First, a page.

If you have a GF/BF, friend, or parent who just believes that you’ll suck at anything you try, and it’s never worth giving anything a shot, then work to create distance between you and them (even if you have to do this gradually and subtly). They may be trying to keep you close, available, and dependent on them so they’ll have a steady diet of narcissistic supply. You don’t need that negativity and neediness dragging you down.
Love them from a distance.
Isn’t willing to take their health or your health seriously, or invest in health preemptively, proactively, and protectively.
If your loved one doesn’t give a s**t what happens with your health, or blindly believes that you’re going to be feeling just fine 10, 20 years from now on a “cheap” diet of fast food, potato chips, frozen dinners, and burgers, you need to put your foot down and take responsibility for your own health, whatever that takes. If they’re more willing to spend money on frivolous crap than on your wellbeing, that isn’t love.
If money’s tight, and taking care of your health (and their health) means cutting out cable TV or spending dessert money on some extra fruits/veggies/oils/meat instead, I believe someone who truly loves you will be willing to do that.
Plus, if they’re not taking care of themselves, how long are they going to be around to share life with you?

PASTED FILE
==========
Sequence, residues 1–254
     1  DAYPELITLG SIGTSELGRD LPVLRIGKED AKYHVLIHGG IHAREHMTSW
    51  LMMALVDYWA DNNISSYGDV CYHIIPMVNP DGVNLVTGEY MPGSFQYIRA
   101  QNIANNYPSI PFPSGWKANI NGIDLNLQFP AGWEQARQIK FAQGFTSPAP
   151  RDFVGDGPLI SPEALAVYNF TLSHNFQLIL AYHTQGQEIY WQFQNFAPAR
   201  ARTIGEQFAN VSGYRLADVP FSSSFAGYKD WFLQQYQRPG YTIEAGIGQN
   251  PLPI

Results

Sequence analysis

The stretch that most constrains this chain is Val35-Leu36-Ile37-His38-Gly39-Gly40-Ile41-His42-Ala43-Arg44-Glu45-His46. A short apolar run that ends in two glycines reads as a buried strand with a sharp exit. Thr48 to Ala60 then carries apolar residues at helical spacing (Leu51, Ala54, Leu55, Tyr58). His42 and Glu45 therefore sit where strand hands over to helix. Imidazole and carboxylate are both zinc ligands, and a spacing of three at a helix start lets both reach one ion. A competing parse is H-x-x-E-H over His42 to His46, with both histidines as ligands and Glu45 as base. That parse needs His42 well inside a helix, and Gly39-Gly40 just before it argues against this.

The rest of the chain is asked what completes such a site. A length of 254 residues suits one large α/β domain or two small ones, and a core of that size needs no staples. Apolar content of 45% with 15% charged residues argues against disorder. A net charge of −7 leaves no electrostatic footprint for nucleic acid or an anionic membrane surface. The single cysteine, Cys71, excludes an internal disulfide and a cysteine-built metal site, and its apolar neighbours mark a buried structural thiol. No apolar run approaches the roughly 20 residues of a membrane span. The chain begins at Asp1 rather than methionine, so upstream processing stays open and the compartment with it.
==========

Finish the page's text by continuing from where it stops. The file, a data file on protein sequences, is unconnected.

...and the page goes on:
Cannot save money, AND expects financial support from you.
If only one of these cases is present, things might work out. In other words, someone who struggles to save money but makes their own money, OR someone who is capable of saving at least some money but relies or is going to rely on you for financial support.
But if they are going to be depending on you financially AND they always have eyes bigger than your shared pocketbook, keep your eyes open. There could very well be issues down the road.
What To Do
If you’re seeing any of these signs in your relationship, ask other people you trust for their perspective on the situation. Narcissists often have a way of disguising themselves to their victims.
The truth is, everyone is going to hurt you. You just got to find the ones worth suffering for. ―Bob Marley
You can love a narcissist, but you should keep your distance. Love does not, by default, equal proximity or trust.
If you are receiving such treatment, I’m here to tell you that you do not deserve that. Do what’s necessary to protect yourself so you can be free to thrive.
National Violence Domestic Hotline: 1−800−799−7233
Thanks for reading! 🙂
© Kate Richardson All Rights Reserved